On Friday, prosecutors asked the court to slap Shkreli with a $7.4 million fine, while identifying "substitute assets" he could surrender to cover the total cost.
Last August, Shkreli was convicted of securities fraud, and he's now in jail awaiting sentencing.
Prosecutors are also asking for Shkreli's shares of Turing Pharmaceuticals, $5 million in cash that was held in an E*Trade account, his Lil Wayne album Tha Carter V, a Picasso painting, and an Enigma machine.
Shkreli is best known for raising the price of Daraprim, a then-62-year-old drug frequently used to treat HIV patients, from $13.50 to $750 a pill.
The letter presented to the judge on his case states these assets represent "a conservative computation of the proceeds Shkreli personally obtained as a result of his three different securities fraud crimes of conviction".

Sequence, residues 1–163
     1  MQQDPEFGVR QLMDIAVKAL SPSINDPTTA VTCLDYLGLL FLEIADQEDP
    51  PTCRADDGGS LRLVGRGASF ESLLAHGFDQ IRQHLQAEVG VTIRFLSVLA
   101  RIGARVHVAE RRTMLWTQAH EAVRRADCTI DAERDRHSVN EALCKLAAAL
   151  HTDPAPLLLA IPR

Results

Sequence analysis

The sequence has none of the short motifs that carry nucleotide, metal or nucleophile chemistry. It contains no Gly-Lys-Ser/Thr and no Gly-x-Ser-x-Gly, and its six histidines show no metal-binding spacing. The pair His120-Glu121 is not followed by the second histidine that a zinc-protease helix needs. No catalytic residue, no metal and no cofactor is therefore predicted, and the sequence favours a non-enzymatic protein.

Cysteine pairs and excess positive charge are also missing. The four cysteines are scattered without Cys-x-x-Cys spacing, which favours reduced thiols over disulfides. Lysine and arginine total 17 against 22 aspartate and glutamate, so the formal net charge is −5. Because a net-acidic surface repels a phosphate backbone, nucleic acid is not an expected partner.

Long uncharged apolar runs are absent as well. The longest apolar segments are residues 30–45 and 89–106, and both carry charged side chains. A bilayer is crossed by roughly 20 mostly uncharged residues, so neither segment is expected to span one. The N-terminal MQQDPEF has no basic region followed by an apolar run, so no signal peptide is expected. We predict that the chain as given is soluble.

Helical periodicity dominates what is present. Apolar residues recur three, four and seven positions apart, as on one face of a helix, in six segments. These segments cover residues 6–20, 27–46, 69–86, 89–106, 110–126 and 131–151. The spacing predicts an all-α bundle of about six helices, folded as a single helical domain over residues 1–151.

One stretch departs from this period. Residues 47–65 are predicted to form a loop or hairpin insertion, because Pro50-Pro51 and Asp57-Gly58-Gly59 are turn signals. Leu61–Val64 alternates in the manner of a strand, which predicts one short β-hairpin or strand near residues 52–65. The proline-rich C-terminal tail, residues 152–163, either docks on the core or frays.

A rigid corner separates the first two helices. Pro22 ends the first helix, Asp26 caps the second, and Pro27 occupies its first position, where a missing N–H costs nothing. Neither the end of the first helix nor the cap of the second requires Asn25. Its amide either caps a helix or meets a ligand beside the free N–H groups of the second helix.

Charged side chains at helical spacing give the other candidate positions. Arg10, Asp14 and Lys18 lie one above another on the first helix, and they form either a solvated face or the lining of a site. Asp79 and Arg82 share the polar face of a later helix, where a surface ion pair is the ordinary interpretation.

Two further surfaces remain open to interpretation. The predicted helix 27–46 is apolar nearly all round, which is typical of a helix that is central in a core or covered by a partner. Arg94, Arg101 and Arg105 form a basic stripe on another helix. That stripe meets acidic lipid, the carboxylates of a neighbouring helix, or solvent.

Splash News/NewscomLawyers for the US government are asking a judge to order the forfeiture of millions of dollars' worth of noted "pharma bro" Martin Shkreli's assets, including an unreleased, one-of-a-kind Wu-Tang Clan album. None of the investors lost any money and Martin did not personally benefit from any of the counts of conviction. In September, Shkreli posted Shaolin on eBay and registered a winning bid of $1 million by an unknown buyer. "Accordingly, forfeiture of any assets is not an appropriate remedy", Brafman said.
In an effort to sell their album as "a piece of art" rather than just simply releasing the music, Shkreli's purchase of the exclusive and unheard work caused, to quote Wu-Tang Clan, "a motherfucking ruckus" amongst jealous audiophiles and pretty much anyone who knows the repugnant back-story behind Shkreli's insane wealth.